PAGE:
Drawing Fire: The Political Cartoons of Rebel Pepper

Radio Free Asia
26

Wang Liming, also known as “Rebel Pepper,” honed his craft as a political cartoonist by satirizing politics in his native China. In this collection of 50 drawings, Wang continues to apply his editorial and artistic wit to events in China, while also tackling issues from North Korean nuclear provocations to Cambodian political machinations to the Rohingya humanitarian crisis in Myanmar.
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About the author

Wang Liming is a renowned political cartoonist who works under the pen name of Rebel Pepper. His work focuses on political, cultural and societal developments across Asia.

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Additional Information

Publisher
Radio Free Asia
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Published on
Dec 11, 2017
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Pages
58
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ISBN
9781632180902
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Language
English
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Content Protection
This content is DRM protected.
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Read Aloud
Available on Android devices
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Eligible for Family Library

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'It's not OK' is a collection of portraits of Asian women caught in the struggle for human rights in their communities, some willingly, others forced by circumstances. Each is a testimony to the courage and determination of these women. The title, 'It's not OK,' comes from the public cry by one of them, in court, as she heard that her husband's sentence had been extended by eight years.

The second edition includes an additional seven, illustrated portraits of Myanmar, Uyghur, Tibetan, Chinese, Vietnamese,Lao and, Korean women.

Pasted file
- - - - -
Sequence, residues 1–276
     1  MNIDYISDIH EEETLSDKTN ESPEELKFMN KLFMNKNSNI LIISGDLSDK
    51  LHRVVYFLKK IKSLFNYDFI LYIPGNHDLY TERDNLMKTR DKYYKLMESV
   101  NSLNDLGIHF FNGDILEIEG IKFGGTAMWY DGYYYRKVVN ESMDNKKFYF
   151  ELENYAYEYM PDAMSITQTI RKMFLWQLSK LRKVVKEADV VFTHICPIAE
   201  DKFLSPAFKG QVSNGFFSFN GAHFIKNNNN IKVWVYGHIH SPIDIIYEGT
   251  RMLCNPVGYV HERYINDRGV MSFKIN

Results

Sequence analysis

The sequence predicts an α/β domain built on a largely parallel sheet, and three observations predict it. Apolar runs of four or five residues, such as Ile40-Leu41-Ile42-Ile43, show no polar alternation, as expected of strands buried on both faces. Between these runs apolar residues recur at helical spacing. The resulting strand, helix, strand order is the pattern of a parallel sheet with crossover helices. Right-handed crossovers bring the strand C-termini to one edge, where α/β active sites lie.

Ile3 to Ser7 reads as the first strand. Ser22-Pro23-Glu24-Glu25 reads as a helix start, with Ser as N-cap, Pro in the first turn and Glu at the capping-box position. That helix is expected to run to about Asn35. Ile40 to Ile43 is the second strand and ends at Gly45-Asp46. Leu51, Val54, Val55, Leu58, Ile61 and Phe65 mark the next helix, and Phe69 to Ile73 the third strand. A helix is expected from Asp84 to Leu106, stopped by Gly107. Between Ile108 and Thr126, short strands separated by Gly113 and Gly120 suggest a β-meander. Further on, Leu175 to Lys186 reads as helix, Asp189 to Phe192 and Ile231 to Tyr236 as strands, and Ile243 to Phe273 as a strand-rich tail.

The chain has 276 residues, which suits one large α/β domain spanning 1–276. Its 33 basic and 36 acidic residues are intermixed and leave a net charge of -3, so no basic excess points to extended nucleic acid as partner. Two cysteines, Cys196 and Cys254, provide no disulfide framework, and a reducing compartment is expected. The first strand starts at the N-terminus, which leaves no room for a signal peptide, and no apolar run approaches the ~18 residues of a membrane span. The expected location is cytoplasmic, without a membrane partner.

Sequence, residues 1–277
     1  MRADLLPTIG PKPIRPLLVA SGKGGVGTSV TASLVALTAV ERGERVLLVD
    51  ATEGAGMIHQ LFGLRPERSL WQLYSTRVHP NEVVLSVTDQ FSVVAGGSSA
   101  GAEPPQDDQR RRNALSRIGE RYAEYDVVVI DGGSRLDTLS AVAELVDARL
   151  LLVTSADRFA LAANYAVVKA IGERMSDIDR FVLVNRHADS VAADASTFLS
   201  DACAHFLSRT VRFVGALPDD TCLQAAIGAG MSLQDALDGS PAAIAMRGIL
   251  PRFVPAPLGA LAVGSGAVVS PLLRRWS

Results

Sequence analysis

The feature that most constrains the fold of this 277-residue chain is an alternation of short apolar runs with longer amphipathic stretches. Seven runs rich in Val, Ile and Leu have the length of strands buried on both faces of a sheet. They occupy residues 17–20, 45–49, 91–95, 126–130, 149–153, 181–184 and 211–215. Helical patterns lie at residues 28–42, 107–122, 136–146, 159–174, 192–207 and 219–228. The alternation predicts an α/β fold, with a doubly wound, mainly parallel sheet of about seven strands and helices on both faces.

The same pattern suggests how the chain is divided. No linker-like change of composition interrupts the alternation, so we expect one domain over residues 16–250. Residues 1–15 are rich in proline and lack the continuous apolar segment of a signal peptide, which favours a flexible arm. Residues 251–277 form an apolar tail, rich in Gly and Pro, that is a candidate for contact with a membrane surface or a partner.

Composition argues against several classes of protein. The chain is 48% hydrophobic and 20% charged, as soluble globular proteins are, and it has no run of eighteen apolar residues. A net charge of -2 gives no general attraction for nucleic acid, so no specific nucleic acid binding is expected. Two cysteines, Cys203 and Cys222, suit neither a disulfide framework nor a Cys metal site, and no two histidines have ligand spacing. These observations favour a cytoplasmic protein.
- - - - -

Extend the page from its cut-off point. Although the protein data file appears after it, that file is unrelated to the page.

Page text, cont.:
Each portrait selected by RFA's nine language services is based on RFA reporting and interviews over the years, in addition to other sources. The e-book also includes multimedia content, including video, graphics, and illustrations,
 
The women featured in this second edition are: from China, Gao Yu, a veteran journalist, Ding Zilin, a Tiananmen mother, and Jiao Xia, the wife of  jailed investigative journalist Qi Chonghuai; from Vietnam, Tran Thi Nga and Do Thi Minh Hanh, two labor activists; from Myanmar, Susanna Hla Hla Soe, a peace activist, Zin Mar Aung, a former political prisoner who helps other recently released prisoners; from Cambodia, Yorm Bopha and Tep Vanny, land rights activists; from Korea, Park Sun-Young, a politician, and Lee Ae Ran, the first North Korean defector to obtain a doctoral degree who helps other defectors in South Korea; from Laos, Sivanxia Phommalath, a vegetable seller turned activist, and Ng Shui Meng, wife of missing Lao activist Sombath Somphone; from China's Tibetan regions, Dechen Pemba who publishes  Tibetan writers online and Rinchen Khandro Choegyal, who supports overseas Tibetans and nuns in India; and from China's Xinjiang Uyghur Autonomous Region, Nurungul Tohti and and Patigul Ghulam, both jailed several times for demanding justice for their sons.
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